In college, my friend Amy and I were shameless Flannery O'Connor groupies.
We were fellow writers and students at a midwest Bible college. In our Creative Writing course, the professor introduced us to many authors we had never read - but Flannery quickly became our favorite.
Her characters were unexpected: disturbing, grotesque, and larger-than-life. Yet they were also ordinary - the type of people you might encounter at your local WalMart. They were overweight, loud-mouthed, some suffered deformities, others were drifters. They spoke crassly, and then (often in the same breath) they would speak about God.
As she said so well, "The truth does not change according to our ability to stomach it."
We had never read faith stories like these. Flannery O'Connor's stories were not the sanctified, made-for-tv Christian-novels we had grown up on by authors like Grace Livingston Hill or Janette Oke. These were rough and tumble, edgy, almost obscene. Yet, they felt real because they pushed hard at the core center of our beliefs.
The other thing we noticed is that her stories were marked by violence. A gunshot stifles an old woman. A book is thrown across a crowded doctor's waiting room squarely knocking into the forehead of an obnoxious talker. Flannery doesn't just speak truth, she smacks you in the face with it.
I loved that then. I still do.
Before we went to Savannah, Georgia, I gave my book of Flannery's Collected Stories to my daughter. Read one of these, I urged her, bookmarking two of my favorites: "A Good Man is Hard to Find" and "Revelation." And she did.
"Interesting," she said when she was done, raising her eyebrows with a curious look on her face. I plopped on the edge of her bed, and we talked about that annoying grandmother, the disturbing Misfit and his memorable last line: "She would of been a good woman, if it had been somebody there to shoot her every minute of her life."
Sabrina went along with me to visit Flannery's childhood home. How wonderful it is to walk where one of your favorite author's walked. Her home is next door to her wealthy aunt's mansion in Savannah, Georgia. It is simple and period-correct...a front visitor's parlour where they have her baby buggy - complete with her initials MFO (I never knew before that Mary was her true first name).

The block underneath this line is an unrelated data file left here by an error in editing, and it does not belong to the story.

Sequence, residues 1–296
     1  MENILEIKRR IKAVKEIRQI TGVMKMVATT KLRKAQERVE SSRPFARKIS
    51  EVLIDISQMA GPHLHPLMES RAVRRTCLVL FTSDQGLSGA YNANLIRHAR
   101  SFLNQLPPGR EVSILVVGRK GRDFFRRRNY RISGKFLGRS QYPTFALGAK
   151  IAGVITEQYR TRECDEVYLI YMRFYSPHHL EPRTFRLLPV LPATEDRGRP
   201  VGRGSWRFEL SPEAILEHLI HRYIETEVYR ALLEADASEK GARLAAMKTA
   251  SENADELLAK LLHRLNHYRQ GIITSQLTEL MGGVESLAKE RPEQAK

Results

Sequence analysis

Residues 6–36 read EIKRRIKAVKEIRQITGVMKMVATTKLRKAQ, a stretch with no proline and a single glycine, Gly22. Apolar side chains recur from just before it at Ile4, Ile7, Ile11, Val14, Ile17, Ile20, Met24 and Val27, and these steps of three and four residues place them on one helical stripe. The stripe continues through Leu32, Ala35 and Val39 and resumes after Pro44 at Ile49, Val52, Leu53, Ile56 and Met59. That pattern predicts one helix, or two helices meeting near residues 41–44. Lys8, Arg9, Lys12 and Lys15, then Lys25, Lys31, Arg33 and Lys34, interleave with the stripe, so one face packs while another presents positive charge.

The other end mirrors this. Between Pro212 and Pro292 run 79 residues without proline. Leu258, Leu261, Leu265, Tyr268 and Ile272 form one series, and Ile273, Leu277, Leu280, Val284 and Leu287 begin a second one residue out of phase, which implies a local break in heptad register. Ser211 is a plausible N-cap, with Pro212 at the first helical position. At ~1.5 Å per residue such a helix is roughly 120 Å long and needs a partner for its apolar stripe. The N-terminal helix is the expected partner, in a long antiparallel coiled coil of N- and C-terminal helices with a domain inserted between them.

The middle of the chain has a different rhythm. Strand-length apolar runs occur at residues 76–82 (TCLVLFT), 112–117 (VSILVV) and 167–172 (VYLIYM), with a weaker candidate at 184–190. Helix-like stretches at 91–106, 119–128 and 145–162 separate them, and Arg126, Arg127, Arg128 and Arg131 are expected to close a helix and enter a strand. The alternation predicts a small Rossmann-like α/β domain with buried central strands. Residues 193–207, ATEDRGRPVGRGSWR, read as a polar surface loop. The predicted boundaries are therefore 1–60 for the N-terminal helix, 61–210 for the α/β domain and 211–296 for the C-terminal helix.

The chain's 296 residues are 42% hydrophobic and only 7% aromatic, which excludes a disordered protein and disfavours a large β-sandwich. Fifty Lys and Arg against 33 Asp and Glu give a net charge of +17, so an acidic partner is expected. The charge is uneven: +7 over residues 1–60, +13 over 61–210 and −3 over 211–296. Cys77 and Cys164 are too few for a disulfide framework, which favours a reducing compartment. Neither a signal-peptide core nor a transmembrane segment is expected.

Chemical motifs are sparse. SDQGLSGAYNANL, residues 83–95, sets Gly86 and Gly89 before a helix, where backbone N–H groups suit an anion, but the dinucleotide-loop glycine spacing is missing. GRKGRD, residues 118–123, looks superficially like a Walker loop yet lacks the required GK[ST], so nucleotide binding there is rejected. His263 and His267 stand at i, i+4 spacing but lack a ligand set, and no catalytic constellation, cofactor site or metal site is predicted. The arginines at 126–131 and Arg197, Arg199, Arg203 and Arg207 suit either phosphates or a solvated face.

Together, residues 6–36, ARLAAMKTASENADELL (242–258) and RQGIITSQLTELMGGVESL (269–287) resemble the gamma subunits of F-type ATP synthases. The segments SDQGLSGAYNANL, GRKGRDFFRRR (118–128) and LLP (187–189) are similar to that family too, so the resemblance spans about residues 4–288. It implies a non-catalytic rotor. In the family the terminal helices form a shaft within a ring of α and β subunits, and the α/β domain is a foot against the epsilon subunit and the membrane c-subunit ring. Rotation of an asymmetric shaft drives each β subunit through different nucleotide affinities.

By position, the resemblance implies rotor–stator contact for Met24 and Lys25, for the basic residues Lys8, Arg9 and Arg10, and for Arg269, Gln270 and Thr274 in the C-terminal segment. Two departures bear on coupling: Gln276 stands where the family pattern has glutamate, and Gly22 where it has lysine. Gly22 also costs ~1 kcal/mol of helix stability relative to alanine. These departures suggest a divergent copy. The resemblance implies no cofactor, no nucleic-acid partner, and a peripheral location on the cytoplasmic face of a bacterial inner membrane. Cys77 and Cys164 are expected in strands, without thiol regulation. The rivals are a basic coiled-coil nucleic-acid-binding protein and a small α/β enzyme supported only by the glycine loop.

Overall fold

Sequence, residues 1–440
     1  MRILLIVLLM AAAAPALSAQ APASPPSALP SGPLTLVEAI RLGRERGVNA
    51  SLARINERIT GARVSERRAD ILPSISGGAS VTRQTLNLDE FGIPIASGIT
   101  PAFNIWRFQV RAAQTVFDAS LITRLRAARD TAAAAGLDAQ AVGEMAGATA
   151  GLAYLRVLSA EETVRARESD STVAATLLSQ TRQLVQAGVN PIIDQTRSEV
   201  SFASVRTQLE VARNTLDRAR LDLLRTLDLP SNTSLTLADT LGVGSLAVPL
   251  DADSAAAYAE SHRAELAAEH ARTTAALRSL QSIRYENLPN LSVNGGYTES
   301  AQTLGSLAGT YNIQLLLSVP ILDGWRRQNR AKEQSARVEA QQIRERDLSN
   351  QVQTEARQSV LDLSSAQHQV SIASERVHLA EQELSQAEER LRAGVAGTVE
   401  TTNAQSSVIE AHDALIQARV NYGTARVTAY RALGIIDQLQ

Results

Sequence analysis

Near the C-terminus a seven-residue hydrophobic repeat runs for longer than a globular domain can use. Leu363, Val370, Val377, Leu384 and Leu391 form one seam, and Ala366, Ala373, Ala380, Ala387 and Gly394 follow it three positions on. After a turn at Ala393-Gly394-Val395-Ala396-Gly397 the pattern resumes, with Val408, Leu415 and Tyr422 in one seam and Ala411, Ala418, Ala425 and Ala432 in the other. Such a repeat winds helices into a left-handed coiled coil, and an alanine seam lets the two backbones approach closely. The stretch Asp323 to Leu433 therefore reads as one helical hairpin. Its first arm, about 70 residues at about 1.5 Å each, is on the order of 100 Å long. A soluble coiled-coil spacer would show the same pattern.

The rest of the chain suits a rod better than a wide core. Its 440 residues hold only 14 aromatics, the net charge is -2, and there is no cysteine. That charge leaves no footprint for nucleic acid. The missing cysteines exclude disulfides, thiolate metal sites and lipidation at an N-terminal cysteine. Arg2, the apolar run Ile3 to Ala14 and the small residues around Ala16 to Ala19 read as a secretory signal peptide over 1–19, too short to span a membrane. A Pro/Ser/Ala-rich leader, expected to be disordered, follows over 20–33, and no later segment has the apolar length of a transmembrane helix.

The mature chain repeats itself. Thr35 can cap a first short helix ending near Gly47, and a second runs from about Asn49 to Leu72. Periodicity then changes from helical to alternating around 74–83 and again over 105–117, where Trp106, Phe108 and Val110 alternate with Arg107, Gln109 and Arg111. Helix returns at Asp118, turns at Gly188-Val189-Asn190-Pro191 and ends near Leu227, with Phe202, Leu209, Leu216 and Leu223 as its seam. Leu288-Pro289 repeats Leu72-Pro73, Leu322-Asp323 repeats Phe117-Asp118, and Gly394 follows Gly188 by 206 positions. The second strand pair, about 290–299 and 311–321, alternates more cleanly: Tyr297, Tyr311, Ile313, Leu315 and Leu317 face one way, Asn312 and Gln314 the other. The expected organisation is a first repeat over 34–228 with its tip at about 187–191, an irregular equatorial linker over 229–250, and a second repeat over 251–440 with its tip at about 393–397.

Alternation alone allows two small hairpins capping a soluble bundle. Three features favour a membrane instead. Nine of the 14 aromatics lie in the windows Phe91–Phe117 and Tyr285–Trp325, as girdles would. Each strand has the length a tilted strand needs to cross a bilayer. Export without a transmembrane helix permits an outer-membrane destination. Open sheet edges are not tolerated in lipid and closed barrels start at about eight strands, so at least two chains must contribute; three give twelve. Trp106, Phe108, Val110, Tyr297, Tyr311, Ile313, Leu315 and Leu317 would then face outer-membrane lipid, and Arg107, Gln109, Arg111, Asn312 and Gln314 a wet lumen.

They have a collection of her childhood books. In the front leaf of a book of fairytales, the young Mary Flannery offered her critique. "I did not like this book." Upstairs is a tiny bathroom. Our guide told us Mary would sit on the toilet, and make her young girlfriends get in the tub. Then she would read stories to her captive audience. One little girl left crying, asking her parents not to maker her return.
She left this home in her early teens when her father accepted a job near Atlanta. At age 15, she lost her dad to complications of lupus, a disease that would later take her own life at age 39. She was so young when she died, 10 years younger than I am now.
She studied at the University of Iowa. She published two novels and many short stories. She inspired Bruce Springsteen and Tom Waits. Flannery, as she was later called, never married. She was pigeon-toed and an only child. She was fiercely opinionated and darkly religious.
Nothing about Flannery was easy or calm. She embodies sharp angles and unanswerable questions - I love that she challenges to think hard about our faith. As she said, "All human nature vigorously resists grace because grace changes us and the change is painful."
Her dark sense of humor sometimes makes me gulp with laughter: "She could never be a saint," quips Flannery, "but she thought she could be a martyr if they killed her quick."
Thank you, fierce Flannery for sharing your view of the world with us. I will treasure this moment where our paths intersected - even though we were decades apart.
If you are in Savannah, take a few moments to visit her childhood home: http://www.flanneryoconnorhome.org/main/Home.html